Category Archive 'Waterloo'

05 Oct 2018

False Expectations

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NYM blogged about this cuirass previously here.

04 May 2017

Waterloo Flag Bought at US Auction

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Robert Gibbs, Closing of The Gates of Hougoumont, 1903, National War Museum, Edinburgh.

London Times:

A battered regimental standard that survived some of the fiercest fighting at Waterloo is being painstakingly pieced together after being found in fragments in a cardboard box.

The colours of the 2nd Battalion, Coldstream Regiment of Foot Guards were flown at Hougoumont Farm, a key engagement in the battle at which Napoleon was defeated in 1815. The 6ft 5in by 5ft 7in silk flag is one of a handful to have survived. It turned up at auction in the United States, where it was bought for less than £500.

The new owner, Gary Lawrence, 58, a window fitter from east London who has a sideline in military antiques, had no idea he was buying one of the British Army’s greatest battle honours. He had planned to use it to restore other colours he owns but it turned out to be far rarer and more valuable than anything else in his collection. He has spent months trying to research it, and how it came to be in the US, without much success. He said: “It was described as fragments so we had no idea how much of the flag there’d be.”

The flag is being reconstructed by May Berkouwer, a textile restorer who works with the Victoria and Albert Museum and National Trust. When restored it could be worth hundreds of thousands of pounds.

09 Apr 2015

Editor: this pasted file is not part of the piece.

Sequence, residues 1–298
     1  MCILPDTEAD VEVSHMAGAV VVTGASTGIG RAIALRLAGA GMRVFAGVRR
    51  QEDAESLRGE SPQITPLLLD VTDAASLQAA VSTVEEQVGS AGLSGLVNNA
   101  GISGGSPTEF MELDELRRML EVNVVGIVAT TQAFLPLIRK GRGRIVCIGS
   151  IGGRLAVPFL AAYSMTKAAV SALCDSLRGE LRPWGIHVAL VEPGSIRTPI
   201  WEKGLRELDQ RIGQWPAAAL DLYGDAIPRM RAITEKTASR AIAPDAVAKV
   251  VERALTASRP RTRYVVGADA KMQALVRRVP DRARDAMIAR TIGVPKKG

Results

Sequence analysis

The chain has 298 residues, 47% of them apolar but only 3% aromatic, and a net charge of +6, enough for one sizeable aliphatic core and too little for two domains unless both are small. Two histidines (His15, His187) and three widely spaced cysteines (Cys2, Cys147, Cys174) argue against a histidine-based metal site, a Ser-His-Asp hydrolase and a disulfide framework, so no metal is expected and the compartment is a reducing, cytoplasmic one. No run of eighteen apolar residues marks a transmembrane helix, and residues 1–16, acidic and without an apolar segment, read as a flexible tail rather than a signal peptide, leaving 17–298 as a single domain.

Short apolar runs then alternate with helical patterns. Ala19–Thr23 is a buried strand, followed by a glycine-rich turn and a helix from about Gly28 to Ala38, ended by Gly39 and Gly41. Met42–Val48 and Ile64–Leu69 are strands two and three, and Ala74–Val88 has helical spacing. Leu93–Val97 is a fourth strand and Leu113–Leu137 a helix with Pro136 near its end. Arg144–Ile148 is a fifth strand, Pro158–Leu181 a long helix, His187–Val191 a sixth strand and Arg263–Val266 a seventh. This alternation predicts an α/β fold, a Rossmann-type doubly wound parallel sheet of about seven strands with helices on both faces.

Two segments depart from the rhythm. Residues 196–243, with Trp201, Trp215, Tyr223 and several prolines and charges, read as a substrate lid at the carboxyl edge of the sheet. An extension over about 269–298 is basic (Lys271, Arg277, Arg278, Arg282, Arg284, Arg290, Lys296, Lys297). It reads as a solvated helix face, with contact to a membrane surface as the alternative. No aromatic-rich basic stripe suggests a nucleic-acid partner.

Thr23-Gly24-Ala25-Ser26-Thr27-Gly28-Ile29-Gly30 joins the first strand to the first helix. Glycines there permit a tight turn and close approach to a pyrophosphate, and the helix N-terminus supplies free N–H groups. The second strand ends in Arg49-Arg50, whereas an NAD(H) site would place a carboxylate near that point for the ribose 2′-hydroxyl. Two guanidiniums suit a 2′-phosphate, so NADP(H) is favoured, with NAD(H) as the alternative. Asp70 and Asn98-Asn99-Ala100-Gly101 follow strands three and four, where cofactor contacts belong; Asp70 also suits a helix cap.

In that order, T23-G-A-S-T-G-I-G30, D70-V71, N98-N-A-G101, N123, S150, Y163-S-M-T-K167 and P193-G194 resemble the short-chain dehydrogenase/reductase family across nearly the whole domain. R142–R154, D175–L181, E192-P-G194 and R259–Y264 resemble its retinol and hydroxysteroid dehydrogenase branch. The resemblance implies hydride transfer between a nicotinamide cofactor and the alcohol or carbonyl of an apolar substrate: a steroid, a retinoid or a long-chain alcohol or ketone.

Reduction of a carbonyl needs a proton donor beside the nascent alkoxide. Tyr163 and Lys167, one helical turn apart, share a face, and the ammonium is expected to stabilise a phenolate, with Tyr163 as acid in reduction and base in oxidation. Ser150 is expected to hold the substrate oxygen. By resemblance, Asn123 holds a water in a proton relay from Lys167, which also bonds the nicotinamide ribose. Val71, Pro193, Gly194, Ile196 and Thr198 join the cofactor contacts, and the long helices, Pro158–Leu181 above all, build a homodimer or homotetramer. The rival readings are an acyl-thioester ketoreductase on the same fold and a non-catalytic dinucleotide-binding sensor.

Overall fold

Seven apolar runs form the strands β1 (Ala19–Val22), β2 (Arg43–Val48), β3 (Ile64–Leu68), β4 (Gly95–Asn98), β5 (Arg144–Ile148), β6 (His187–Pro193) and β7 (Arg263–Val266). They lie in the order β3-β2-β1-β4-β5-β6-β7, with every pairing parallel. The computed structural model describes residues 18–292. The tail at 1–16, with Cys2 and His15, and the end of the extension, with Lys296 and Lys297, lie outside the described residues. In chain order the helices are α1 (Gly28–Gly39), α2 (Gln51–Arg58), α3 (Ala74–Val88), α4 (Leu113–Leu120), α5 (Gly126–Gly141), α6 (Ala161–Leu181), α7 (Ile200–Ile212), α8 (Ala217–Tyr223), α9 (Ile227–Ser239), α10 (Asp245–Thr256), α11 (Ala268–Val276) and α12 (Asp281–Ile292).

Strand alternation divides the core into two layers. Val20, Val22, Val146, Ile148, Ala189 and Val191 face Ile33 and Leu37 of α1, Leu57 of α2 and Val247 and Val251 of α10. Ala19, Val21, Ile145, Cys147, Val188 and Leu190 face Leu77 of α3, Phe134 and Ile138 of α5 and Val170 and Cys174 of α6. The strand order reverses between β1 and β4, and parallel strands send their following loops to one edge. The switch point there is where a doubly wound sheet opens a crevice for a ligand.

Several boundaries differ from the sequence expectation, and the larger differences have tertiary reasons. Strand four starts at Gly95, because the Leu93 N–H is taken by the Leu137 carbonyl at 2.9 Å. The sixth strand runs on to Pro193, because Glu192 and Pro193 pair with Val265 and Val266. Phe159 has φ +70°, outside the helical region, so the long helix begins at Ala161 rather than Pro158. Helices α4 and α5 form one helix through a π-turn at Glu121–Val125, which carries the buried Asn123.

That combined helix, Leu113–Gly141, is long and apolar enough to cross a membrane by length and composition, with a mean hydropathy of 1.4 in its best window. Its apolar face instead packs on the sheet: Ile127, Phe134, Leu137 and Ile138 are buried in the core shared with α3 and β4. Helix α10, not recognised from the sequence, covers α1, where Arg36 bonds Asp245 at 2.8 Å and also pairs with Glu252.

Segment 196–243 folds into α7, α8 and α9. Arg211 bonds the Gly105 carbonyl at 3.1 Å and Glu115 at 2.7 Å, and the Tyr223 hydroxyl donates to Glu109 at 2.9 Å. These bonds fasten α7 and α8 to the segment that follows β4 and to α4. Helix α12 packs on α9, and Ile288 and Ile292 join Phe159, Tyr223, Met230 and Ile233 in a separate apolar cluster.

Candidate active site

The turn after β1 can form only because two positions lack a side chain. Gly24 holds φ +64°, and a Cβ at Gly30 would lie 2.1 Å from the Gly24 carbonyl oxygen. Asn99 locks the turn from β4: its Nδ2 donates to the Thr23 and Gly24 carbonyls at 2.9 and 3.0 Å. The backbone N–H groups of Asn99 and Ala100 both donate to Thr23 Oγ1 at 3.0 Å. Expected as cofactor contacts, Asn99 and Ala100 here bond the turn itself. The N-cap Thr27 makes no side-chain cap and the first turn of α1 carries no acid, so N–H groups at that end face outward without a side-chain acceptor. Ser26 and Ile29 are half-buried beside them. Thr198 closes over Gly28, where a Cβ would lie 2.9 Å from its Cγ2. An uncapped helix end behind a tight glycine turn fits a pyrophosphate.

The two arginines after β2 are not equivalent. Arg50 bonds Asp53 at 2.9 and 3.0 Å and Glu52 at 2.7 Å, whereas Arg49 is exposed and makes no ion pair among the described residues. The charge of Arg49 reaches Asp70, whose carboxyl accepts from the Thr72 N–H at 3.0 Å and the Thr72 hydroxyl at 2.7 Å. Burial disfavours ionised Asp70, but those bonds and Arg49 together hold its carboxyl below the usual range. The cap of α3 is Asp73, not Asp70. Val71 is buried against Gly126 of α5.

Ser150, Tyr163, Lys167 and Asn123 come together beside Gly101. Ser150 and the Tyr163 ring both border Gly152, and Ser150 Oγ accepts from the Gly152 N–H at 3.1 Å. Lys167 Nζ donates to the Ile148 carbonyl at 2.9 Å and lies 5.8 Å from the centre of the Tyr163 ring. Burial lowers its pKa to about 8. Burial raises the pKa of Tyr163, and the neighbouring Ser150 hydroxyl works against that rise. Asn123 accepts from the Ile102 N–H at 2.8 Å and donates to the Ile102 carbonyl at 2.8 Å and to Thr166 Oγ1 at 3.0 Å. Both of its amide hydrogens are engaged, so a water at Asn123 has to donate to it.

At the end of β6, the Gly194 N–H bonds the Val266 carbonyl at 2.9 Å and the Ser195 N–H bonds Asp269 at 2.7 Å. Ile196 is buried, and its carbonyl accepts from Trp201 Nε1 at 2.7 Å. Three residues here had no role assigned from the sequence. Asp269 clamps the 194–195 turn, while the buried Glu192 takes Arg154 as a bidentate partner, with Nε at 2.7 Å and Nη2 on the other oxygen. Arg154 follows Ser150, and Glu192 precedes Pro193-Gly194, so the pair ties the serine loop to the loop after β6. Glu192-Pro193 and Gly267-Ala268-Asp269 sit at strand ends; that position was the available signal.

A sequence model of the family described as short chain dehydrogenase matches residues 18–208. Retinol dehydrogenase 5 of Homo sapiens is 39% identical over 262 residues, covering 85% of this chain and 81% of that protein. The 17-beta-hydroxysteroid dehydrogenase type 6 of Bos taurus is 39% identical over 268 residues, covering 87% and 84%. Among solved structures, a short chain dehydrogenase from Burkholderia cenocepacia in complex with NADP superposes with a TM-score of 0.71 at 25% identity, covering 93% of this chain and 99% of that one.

Waterloo Soldier’s Skeleton



Archaeology tells us that more recently the Waterloo skeleton has been identified as a member of the King’s German Legion

A]rchaeologist Dominique Bosquet of the Université libre de Bruxelles… found the soldier while excavating before construction near the battle monument known as the Lion’s Mound. … “I think this is a unique case,” he says. “We excavated 120 trenches in this area, covering more than half an acre, and found almost nothing and no other remains.”… Although the soldier’s head and one of his knees were destroyed by a bulldozer, and some of the bones of his hands and feet were damaged either by a plow—the area has long been a wheat field—or perhaps by a battlefield explosion that tore them away, the skeleton is remarkably intact. Bosquet is able to say that he was between 20 and 29 years old, about five feet three inches tall, with a slender frame.

But, in some ways, the artifacts the archaeologist has recovered are able to tell even more of the soldier’s story than his remains can. At his hip, where his pocket would have been, Bosquet uncovered a spoon, a belt buckle, and 22 coins, as well as small pieces of fabric that probably belonged to the soldier’s uniform. Hoping it would have a mark that would enable him to identify the soldier’s regiment, Bosquet took X-rays of the spoon but, disappointingly, no such marks were visible. Bosquet holds out hope that the buckle, which is currently being conserved, may have some identifying marks. It was found near the soldier’s right leg and Bosquet suggests it could be from a belt used as a tourniquet to stop the bleeding from a battlefield wound, possibly the one that damaged his feet and hands. And among the coins, most of which are still awaiting cleaning and identification, there is a French half franc dating to 1811. “Perhaps in Belgium, English soldiers paid in French money in cabarets,” says Bosquet. “Or he may have stolen it from a dead French soldier’s pocket.

The archaeologist was able to identify the soldier as British not only by his position behind the British lines—in the chaos of the battlefield soldiers could easily find themselves on the wrong side—but by the musket ball still lodged in his rib cage. “According to its weight and diameter, the bullet is definitely French,” says Bosquet. Two flints the soldier carried in his pocket also mark him as a member of Wellington’s forces, as they are dark gray and of dimensions corresponding to the Brown Bess musket, the typical weapon of British troops. By contrast, the flints used to fire the French muskets were light yellow.

Sometimes a soldier’s story ends with his death on the battlefield. But for Bosquet, there are still parts of this narrative that he hopes to finish. First and foremost he would like to know the soldier’s name.